Tech News Back Issues Issue: 080207
The Tree List Component: Loading Data
In the last issue of Omnis Tech News, we examined some basic properties of the Tree List component, but we only populated that component using the treedefaultlines property in the Property Manager. This is not the way to go for most real-world uses of this component. In a database application, we would most likely want to populate a Tree List component with values retrieved from the database - and do so in some meaningful way. So this month we will explore some strategies and techniques for getting database content into a Tree List field.
But first it might be helpful to see how we can get our static content from last time into a List variable as a transfer conduit...
Transfer Static Tree to List Variable
While a List variable is not the direct data source for a Tree List component, we have been provided with methods for transferring hierarchical data to and from a Tree List in a format that a List variable can handle. As a first step to learning how to populate a Tree List component with data, let's extract the contents of the static tree we set up in the last article into a List variable and examine those contents.
The Tree List component contains a method named $getnodelist() that performs this operation for us. This method requires three parameters and, on execution, appropriately defines and populates a List variable to contain an image of part or all of the contents of a Tree List field. In the order they must be given in the parameter list of the method, here is a brief description of each parameter:
The two listmode constants mentioned above need a bit of clarification. So we can try both of them to see what they yield. If we execute the following code then after defining two appropriately named List variables of instance scope), we can examine the contents of our static Tree List from the perspective of a List variable in each of these modes:
This method builds two lists based on the full contents of our static Tree List field: one using the kRelationalList constant and one using the kFlatList constant. We can use these views to learn the differences between these two techniques/formats. This knowledge will serve us well in making some decisions in "reversing" the process a bit later...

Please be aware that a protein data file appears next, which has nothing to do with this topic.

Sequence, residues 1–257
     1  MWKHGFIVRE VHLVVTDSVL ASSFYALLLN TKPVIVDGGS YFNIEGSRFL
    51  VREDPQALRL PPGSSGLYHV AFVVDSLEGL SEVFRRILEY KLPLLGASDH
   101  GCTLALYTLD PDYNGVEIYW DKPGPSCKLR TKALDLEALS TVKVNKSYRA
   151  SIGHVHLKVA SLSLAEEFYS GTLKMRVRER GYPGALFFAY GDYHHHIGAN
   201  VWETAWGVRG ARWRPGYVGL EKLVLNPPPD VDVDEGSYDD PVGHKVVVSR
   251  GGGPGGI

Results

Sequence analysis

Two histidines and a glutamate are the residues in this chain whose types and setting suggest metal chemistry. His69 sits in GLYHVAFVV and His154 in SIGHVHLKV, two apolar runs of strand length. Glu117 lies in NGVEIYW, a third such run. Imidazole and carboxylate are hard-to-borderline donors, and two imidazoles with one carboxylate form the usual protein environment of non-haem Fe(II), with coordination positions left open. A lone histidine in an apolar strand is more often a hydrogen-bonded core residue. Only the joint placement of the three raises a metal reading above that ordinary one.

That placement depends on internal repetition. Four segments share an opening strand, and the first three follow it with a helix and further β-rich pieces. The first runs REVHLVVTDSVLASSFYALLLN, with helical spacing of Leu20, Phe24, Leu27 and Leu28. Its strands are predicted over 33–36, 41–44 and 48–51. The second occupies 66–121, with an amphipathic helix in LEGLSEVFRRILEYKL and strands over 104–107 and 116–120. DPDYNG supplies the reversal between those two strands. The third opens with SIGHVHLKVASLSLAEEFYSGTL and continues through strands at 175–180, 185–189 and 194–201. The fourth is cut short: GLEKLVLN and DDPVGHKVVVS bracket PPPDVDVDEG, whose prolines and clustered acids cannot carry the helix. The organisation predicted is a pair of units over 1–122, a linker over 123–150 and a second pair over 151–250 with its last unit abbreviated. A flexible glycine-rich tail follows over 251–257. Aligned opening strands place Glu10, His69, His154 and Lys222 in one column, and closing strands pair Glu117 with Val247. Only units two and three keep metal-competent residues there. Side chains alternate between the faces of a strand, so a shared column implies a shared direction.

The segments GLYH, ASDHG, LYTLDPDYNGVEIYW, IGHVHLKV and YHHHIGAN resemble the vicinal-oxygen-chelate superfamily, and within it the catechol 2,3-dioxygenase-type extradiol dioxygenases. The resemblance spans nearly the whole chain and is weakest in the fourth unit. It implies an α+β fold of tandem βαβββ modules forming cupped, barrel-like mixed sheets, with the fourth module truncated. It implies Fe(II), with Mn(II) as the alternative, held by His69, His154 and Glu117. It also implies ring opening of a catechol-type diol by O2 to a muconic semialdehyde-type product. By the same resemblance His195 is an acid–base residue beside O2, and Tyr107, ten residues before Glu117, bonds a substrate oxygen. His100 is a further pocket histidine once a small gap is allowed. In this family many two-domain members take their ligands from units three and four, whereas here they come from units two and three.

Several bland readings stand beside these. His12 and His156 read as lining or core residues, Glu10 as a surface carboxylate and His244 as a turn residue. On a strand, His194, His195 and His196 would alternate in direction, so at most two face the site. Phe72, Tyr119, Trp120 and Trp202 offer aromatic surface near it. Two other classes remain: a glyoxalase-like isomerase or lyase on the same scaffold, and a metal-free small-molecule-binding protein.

Relationallist vs Flatlist
As a reference, let us first review the expanded content of our Tree List field. Here we see it with all nodes expanded:
If we count them all, there are 14 nodes in this tree. We can see the names of all the nodes in the illustration above. Now let's look at the "relational" list view of these contents:
The relationallist value derived using $getnodelist() displays only the leaf nodes (those at the end of a branch that do not have children of their own), giving the complete hierarchical path to each in columns to the left of the name of the leaf node. There are only 9 leaf nodes in this tree, so that is the number of lines in the extracted List value. Parent nodes are not given a separate line in this list. Each column represents a level with the tree hierarchy. Notice that leaf nodes can be at any level in the tree. (Even a root node can be a leaf node, although this would be rare.) The name of each node at each level along that branch is listed, but we only see the names of the nodes, not any of their other property values, in this list extraction. This view summarizes the relationships among the nodes, but provides few details. Still, as we shall shortly see, this can be an effective format for quickly populating trees with nodes.
Now let's examine the "flat" list view of the Tree List contents:
The flatlist extraction shown here displays a line for each node, whether it contains other nodes or not. Any node that is not a root node (a node with no parent node) includes columns that detail the path back to the appropriate root node. (This is for the special case of loading the contents for the entire tree. We will see how this varies if we point the $getnodelist() method to a specific node shortly.) But the flat list view gives us some useful information beyond a more verbose listing of node paths.
This view also shows us a number of property values for each node in five additional columns beyond the one required by the deepest leaf node level. While these columns have not been given names in our List variable, the Omnis Programming manual gives us some brief details. In the order in which these columns are added, here is a little more discussion of each of those properties:
Sop we see that the kFlatList technique of extracting Tree List contents into a List variable gives us a lot more detail than the kRelationalList technique. This may come in handy later - but only if we explore the use of $getnodelist() a bit further...